My answers are in blue.
See how you get on with them!
- Do small firms face difficulties making pension decisions in the interest of their employees? Employers do and will face difficulties; most employers don’t know what in their employer’s interests and have no idea where to get reliable advice on the pension decisions they take.
- What ongoing scrutiny will employers make on pension providers and fund performance? Employers don’t see this as their duty though some care that their contributions are effective. Most consider this responsibility belongs to the members, trustees and pension providers.
- Will employers be prepared to pay for help
- at outset? Yes – complying with auto-enrolment will generally be considered a business expense
- ongoing? No
- Are trust based schemes likely to offer greater oversight and protection for savings?Only if they have the resources to “skill-up” to do so ; this means time, knowledge and understanding need to be devoted to fiduciary management.
Capacity & Scale
- Are there already too many schemes and too many providers to deliver the best outcome for savers making consolidation desirable? There are too many schemes. Many have no reason to exist as separate entities and would be better merged. The current number of providers is probably about right to optimise competition without being inefficient or burdensome to those making choices
- Do larger schemes enjoy economies of scale and offer better value to consumers than small schemes? They do, they buy cheaper bringing down variable costs (such as fund management which is typically offered on a tiered pricing basis). Fixed costs such as administration and governance are diluted over a wider membership base
- Is there an advice shortage, and will employer be making decisions without advice? The number of employers (1.2m) set against current schemes (0.1m) suggests we need considerably more advisers, instead, the RDR is estimated to have reduced the numbers of advisers by 30%. Employers will have no choice but to take decisions without face to face advice – advice will in future be delivered in other ways – mainly using the new technologies.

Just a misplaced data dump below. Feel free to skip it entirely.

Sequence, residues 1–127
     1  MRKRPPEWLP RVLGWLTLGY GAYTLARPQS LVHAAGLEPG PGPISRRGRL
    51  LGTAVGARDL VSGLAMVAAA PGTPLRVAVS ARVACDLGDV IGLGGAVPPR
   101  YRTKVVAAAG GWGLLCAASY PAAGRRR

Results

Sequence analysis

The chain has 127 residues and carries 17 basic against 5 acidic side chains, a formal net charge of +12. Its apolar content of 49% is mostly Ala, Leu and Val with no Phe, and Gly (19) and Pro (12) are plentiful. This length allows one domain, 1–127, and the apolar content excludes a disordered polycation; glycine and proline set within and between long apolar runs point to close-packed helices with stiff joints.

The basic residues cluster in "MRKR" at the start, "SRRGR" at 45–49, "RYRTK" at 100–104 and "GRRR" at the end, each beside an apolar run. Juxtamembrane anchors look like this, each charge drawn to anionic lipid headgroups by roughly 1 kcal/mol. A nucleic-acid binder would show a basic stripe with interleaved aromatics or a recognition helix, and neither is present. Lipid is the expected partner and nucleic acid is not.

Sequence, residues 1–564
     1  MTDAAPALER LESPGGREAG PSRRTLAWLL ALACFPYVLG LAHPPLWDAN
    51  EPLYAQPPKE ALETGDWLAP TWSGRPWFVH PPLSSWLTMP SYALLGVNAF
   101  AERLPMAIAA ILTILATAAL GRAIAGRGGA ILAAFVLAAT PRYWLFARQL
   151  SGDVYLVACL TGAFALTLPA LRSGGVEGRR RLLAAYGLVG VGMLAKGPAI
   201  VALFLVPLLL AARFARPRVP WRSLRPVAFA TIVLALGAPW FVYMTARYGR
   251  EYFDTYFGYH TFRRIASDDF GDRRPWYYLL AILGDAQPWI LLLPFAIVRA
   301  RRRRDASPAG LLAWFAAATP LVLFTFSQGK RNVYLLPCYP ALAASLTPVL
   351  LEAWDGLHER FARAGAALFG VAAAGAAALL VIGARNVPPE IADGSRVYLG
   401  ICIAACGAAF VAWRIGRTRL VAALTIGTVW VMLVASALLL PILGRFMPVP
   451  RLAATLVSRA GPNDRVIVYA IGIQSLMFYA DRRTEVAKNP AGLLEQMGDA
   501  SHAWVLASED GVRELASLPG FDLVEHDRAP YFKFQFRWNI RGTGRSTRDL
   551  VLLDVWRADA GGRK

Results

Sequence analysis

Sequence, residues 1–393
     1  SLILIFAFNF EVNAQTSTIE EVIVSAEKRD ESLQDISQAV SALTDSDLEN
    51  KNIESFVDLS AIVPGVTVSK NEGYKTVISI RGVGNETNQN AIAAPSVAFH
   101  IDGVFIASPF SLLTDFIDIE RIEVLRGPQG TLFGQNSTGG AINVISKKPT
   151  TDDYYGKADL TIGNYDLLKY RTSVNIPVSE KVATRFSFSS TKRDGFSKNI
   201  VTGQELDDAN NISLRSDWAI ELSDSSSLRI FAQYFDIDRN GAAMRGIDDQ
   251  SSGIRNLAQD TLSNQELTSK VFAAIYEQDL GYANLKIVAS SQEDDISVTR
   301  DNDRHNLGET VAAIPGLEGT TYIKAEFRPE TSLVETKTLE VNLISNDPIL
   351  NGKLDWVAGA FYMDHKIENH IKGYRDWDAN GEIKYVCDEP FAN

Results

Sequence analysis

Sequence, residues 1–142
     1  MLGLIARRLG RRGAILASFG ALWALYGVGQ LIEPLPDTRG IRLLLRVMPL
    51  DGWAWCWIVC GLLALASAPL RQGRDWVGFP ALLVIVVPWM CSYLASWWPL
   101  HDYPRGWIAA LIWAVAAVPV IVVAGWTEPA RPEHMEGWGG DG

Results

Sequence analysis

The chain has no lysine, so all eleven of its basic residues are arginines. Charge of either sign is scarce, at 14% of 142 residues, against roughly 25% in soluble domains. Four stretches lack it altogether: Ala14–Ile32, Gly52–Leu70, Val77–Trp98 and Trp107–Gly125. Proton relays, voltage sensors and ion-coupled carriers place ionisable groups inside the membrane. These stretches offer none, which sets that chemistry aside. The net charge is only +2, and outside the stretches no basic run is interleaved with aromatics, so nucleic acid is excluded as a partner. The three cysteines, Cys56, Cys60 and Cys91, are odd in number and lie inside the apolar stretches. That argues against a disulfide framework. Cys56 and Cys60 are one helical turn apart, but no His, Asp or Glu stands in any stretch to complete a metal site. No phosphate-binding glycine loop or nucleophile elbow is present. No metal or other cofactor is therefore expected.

Supply Chain issues
- how are pension providers competing? Currently, large employers invite them to compete via manager selections (beauty parades) after they submit responses to tenders issued via Employee Benefit Advisers.
- What are the most important features in winning auto-enrolment business? The price of the default fund, the brand and the support of the adviser.
- The supply chain is long and complicated. How can we ensure that the interests of all players in the chain are aligned with the pension saver? By identifying the key stakeholder and ensuring that they take responsibility for best practice throughout the supply chain. In practice this means the “provider” of the pension.
- Are costs being hidden and are charges disclosed in a way that is comprehensible to savers? Costs are being hidden by fund managers who do not disclose their portfolio turnover and their costs of executing trade. This is allowing them to get away with poor execution. In the long-term the impact is felt in poor fund performance but by then any accountability for past performance has “moved on”.
- What influence does the employee have? The power to be disruptive to the employer by being a “pain in the neck”
- How can an employee challenge a bad decision by the employer? Via a union, but if there is no union, they have very little opportunity other than to complain directly (which is likely to do their career little good). Where employers are consultative, then works councils can garner feedback and of course where there are member nominated trustees, an employee can become a trustee or influence his or her member nominated trustees.
- How will the market develop once staging is complete? We see it likely that with more money in the system, pressure to maintain high standards will be high. Provided we can improve standards now, I expect those standards to remain high.
- What pressure will there be on providers to keep charges low once the auto-enrolment new business glut is over? There is no evidence that providers have put prices up as a result of poor profitability. The greater risk is that a provider withdraws from writing new business and reduces resources for servicing what is now a “legacy book”.
- How easy will it be for an employer to switch schemes if the one originally selected becomes inappropriate? It’s difficult to get employees in a personal pitch to switch their individual pots but trustees can switch money from one occupational to another occupational pension. Future contributions can be directed where an insurer chooses.
- How will the choices that an employer has made impact on member’s pension pots? We follow the pension regulator’s 6 factor’s that impact good DC outcomes ..encouraging contributions, low charges, good administration, secure assets, good decumulation options and suitable investment choices (especially defaults)
Your answers on an e-postcard to
- Bill – get some DC resource into the Regulator now! (henrytapper.com)
- The best pensions in the world (telegraph.co.uk)
- OFT rattles pension consultant’s cage -shock! (henrytapper.com)
- OFT investigates pension schemes (bbc.co.uk)
- Pension scheme closures speed up (bbc.co.uk)
- Dear OFT…. (henrytapper.com)
- Prudential: One in three workers has no pension (gateway-homes.co.uk)
- Anthony Hilton: Too many pension schemes spoil the pots (independent.co.uk)
- Pensions regulator to scrutinise value of schemes (independent.co.uk)
- Call out the instigators (henrytapper.com)